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September 2, 2016 (C-Fam) UN member States held a third straw poll on Monday to narrow the field of contenders for the office of UN Secretary-General. Ban Ki-Moon’s term expires at the end of the year. While social issues have fallen well behind geopolitical gamesmanship in the news coverage, they have not been entirely absent from the contest.

Of the six men and six women vying for the job, former Croatian foreign minister Vesna Pusić was the most outspoken about her feminism and support for LGBT rights.  But she withdrew from the race after the first round of polling when she finished dead last.  A few weeks later, former prime minister of Montenegro Igor Lukšić also dropped out.

There is widespread support for an Eastern European secretary-general, given that the region has not yet been represented in that position. Six of the remaining candidates, as well as the two prior contenders, are from that region.

There has also been vigorous campaigning for the new secretary-general to be a woman, another global first. Feminist groups were quick to add their stipulation that she should be a feminist as well.

The tone among some of the most outspoken advocates for a feminist secretary-general is one of disappointment. New York University Professor Anne Marie Goetz, writing for Open Democracy, expressed annoyance that only one woman made it into the top five in the first poll.

“The stern relegation of most of the women candidates to the bottom half of the list means we must ask if gender bias played a role,” the former UN Women staffer said. “The secrecy of the process makes it hard to know, though it is obvious that the Council ignored civil society petitions, pressure from 60 Member States, and an Open Letter signed by fifty UN experts and former leaders calling for the selection of a woman and feminist to lead the UN.”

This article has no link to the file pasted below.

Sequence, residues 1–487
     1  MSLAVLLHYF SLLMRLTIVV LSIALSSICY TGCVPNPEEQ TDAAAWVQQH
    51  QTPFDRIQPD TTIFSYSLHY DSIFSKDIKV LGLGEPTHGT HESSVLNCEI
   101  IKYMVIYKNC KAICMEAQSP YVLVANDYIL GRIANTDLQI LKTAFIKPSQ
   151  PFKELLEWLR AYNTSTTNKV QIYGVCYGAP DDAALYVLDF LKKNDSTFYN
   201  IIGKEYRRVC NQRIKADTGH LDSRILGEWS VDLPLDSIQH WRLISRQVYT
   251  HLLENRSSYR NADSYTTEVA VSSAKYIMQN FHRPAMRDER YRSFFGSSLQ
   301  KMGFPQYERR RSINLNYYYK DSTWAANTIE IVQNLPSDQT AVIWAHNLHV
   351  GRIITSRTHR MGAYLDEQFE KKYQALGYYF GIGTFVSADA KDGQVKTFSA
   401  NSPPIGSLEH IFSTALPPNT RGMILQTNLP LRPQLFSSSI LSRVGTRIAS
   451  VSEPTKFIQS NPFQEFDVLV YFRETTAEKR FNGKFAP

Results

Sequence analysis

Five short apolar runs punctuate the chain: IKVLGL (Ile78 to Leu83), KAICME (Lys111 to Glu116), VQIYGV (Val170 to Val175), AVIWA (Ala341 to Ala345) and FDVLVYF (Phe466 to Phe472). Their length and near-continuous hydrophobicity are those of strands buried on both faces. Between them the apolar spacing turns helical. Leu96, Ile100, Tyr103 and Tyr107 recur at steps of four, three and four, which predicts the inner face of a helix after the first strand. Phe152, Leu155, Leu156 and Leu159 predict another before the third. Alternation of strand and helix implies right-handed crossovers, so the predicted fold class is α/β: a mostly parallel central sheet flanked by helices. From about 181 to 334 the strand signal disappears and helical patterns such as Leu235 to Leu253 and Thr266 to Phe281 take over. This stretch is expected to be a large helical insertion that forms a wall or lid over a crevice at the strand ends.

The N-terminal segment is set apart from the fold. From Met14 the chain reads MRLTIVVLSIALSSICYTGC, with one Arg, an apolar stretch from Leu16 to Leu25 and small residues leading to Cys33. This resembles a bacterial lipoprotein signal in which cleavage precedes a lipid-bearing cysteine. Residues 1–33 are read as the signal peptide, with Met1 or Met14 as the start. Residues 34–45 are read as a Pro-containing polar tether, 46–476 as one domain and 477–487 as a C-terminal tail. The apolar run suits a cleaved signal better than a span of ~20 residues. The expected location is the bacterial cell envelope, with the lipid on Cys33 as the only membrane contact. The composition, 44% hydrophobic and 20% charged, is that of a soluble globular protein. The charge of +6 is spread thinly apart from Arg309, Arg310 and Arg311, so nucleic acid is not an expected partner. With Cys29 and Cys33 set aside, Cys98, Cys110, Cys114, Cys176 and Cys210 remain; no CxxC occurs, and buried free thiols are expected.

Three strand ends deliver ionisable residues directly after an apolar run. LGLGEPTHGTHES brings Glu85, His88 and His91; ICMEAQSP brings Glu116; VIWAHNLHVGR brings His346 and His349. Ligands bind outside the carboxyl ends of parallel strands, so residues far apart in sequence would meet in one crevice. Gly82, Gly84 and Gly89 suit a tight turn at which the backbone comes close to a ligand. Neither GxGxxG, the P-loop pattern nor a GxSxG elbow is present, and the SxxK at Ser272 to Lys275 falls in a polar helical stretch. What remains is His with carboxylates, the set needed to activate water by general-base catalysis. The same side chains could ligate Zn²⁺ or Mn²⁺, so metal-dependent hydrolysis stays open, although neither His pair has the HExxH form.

The petition she cited, which was created by the Women’s Major Group, has gathered fewer than 1,500 signatures and was described on one feminist forum as “sorely sadly neglected.”

Goetz’s theme is what she perceives as “profound” gender bias at the UN, noting that it has no quota system in place to ensure parity.

Also writing for Open Democracy, Kavita Ramdas lamented last week that the influence of the permanent five members of the Security Council “has already led to elimination of all but the most non-controversial candidates.” Ten of the twelve candidates remain in the running, however, and UN social policy conservatives are still watching the race closely.

Those experts note that none of the candidates for secretary-general has a record as a champion of social conservative causes. They are hopeful, however, that given the recent history of the office their concerns will be represented best by a secretary-general who will keep to his or her mandate and avoid using “personal diplomacy”—and the platform afforded by such an exalted office— to advance novel interpretations of human rights on controversial issues.

The next straw poll is expected in September, amid growing cynicism from feminist groups about the prospect that they will finally have an advocate at the highest bureaucratic level of the UN.

Reprinted with permission from C-Fam.